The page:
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The "Woody" Worry-Stone

Introducing my "Woody" Worry-Stones.

As work on The DoT edition winds down, I had been gearing up to start some larger projects. But a lot has changed in the world over the last few weeks (an understatement for sure) and all of a sudden, long term plans seem fraught, so instead I have changed gears and decided to tackle something much simpler and fun.

With all the worry going around, I felt a new pocket art (worry-stone) project would have a more immediate, positive, and diverting (for me anyway) effect. So I whipped up something with a twist that connects it to the current arc in my work by incorporating natural materials.

I really feel there is just something iconic about the way knife makers blend the use of metal and wood. There is a visual balance to their work that really speaks to the language that all tools seem to possess. I wanted to embody that in my own way, through the use of natural materials, composition, and proportion, if not necessarily through pointy-ness or function. 

The aesthetics of this piece will likely feel familiar to those who have been following along for the last few years, and while this work looks nothing at all like a knife, it is in fact, another small tribute to the craft of knife making.

These worry-stones look and feel great in the hand and the nature of wood means that each one will truly be a one of a kind piece. 

The materials for these early prototypes are as follows. The first four (bottom row) are all ironwood and really shows off the variety of grain and colors one can get with such a material. I especially like the two-tone one on the far right with a bit of sapwood showing. The remaining three (top row from left to right) are Redwood Burl, a striking piece of Boxelder (green dyed), and finally Black Palm.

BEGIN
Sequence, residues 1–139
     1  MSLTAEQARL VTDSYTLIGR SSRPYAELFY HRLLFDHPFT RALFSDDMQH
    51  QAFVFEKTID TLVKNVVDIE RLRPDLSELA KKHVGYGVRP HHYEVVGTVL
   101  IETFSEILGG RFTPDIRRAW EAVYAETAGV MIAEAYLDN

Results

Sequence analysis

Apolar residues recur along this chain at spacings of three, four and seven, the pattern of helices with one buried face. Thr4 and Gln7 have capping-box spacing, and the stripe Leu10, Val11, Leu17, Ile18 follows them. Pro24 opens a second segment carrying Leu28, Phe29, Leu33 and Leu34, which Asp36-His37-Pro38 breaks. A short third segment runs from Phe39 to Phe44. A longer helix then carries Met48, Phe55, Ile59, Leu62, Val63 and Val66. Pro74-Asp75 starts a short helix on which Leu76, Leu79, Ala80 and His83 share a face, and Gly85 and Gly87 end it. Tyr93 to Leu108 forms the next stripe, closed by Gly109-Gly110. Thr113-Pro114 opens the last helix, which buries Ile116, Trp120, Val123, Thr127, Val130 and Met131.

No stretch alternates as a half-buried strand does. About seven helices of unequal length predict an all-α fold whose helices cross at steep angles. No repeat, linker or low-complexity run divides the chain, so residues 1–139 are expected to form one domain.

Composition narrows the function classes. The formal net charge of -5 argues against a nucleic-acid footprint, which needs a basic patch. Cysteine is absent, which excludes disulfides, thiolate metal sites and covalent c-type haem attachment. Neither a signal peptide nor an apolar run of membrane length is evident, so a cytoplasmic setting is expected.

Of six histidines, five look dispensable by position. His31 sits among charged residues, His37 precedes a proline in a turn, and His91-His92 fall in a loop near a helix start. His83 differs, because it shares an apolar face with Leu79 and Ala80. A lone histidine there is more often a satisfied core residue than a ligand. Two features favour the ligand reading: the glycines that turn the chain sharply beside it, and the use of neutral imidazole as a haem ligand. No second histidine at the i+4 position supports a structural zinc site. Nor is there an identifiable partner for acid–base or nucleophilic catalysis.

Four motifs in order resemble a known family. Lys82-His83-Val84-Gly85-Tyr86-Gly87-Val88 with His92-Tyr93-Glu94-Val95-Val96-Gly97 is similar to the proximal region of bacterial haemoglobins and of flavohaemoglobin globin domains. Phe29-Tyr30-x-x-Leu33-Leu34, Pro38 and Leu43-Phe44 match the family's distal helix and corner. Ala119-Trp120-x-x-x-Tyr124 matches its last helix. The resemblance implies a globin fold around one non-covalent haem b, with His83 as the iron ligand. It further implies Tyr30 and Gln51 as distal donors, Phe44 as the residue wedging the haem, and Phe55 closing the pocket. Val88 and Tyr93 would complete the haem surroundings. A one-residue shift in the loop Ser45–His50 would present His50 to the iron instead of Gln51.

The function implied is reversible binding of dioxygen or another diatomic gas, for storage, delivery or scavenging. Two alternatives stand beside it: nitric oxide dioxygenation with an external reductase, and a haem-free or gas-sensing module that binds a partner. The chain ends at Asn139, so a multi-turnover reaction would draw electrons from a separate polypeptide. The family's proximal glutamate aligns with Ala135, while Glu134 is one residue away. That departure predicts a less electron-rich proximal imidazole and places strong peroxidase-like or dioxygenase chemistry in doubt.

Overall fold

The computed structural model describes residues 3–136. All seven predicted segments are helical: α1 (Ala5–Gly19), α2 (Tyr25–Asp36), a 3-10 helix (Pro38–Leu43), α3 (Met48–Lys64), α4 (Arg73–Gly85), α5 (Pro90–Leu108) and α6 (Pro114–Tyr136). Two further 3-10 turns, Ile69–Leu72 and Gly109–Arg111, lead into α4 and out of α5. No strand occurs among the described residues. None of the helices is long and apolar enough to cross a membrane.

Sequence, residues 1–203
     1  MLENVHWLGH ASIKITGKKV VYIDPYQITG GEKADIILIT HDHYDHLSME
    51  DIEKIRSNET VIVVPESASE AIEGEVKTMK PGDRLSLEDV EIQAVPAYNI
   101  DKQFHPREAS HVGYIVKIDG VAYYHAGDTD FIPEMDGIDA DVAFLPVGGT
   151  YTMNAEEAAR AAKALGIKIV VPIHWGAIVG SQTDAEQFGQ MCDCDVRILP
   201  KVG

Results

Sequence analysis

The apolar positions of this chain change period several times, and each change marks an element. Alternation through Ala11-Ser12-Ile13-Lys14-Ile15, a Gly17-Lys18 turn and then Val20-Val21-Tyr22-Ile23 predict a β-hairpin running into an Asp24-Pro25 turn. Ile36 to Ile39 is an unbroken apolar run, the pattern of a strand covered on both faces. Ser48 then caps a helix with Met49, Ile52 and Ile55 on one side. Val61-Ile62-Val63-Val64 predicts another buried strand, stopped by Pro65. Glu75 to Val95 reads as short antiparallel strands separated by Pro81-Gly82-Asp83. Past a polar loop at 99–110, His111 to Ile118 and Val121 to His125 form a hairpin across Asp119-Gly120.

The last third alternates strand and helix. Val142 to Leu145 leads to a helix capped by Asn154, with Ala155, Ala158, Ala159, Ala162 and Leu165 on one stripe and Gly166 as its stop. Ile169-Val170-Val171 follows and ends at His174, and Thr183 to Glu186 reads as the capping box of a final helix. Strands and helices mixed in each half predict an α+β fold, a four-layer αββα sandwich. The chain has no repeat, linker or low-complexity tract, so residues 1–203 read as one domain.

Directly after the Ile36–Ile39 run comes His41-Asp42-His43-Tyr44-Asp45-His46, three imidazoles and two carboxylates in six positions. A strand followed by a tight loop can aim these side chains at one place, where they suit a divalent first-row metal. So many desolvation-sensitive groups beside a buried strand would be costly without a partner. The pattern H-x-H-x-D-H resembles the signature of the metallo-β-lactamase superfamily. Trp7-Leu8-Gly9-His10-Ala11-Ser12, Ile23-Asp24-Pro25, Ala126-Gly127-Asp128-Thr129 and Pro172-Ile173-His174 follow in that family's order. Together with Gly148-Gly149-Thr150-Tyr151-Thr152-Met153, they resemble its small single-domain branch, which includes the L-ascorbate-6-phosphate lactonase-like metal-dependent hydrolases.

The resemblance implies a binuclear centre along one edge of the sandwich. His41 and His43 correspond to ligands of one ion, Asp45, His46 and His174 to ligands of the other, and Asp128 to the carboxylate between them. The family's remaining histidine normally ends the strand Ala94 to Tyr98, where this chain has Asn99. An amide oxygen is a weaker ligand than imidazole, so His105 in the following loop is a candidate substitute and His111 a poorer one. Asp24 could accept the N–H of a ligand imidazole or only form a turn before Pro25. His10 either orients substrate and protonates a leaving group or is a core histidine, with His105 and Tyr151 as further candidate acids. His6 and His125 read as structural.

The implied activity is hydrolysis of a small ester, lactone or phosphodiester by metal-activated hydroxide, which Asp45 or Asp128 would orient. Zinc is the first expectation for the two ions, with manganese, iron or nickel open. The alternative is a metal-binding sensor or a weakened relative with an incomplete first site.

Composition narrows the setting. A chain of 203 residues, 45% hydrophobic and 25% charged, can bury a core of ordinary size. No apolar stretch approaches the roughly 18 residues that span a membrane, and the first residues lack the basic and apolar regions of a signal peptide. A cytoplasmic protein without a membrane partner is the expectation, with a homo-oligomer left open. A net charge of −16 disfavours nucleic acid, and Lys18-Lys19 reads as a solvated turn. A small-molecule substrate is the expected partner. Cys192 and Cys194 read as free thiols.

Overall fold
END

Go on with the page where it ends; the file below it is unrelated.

Much like various metal alloys, each of these different materials has its own properties and challenges. I am very much enjoying the opportunity to experiment and learn more about each of these exotic hardwoods as I go.

A few people have also offered to mail me different species to further expand this experiment.

Of the different varieties, ironwood is the most fun to turn on my machines hands down, it is very hard (for wood) and it has a dense grain that does not easily tear-out when performing an offset turning operation.

The Black Palm on the other hand is very fibrous and splintery, it is much more prone to tear-out and even splitting. It took me a few tries to get that one right.

Likewise, the redwood Burl is almost chalky or powder like. It behaves more like a mineral in turning and is prone to chipping rather than tear-out. I have had poor luck mitigating this so far, but have some other things I’d like to try.

Regardless, the redwood and Black palm inserts have needed considerably more handwork to clean them up, but there is no denying how great they look. 

While the news everywhere is currently full of troubling stories and predictions of doom, the early response to this work has been extremely positive.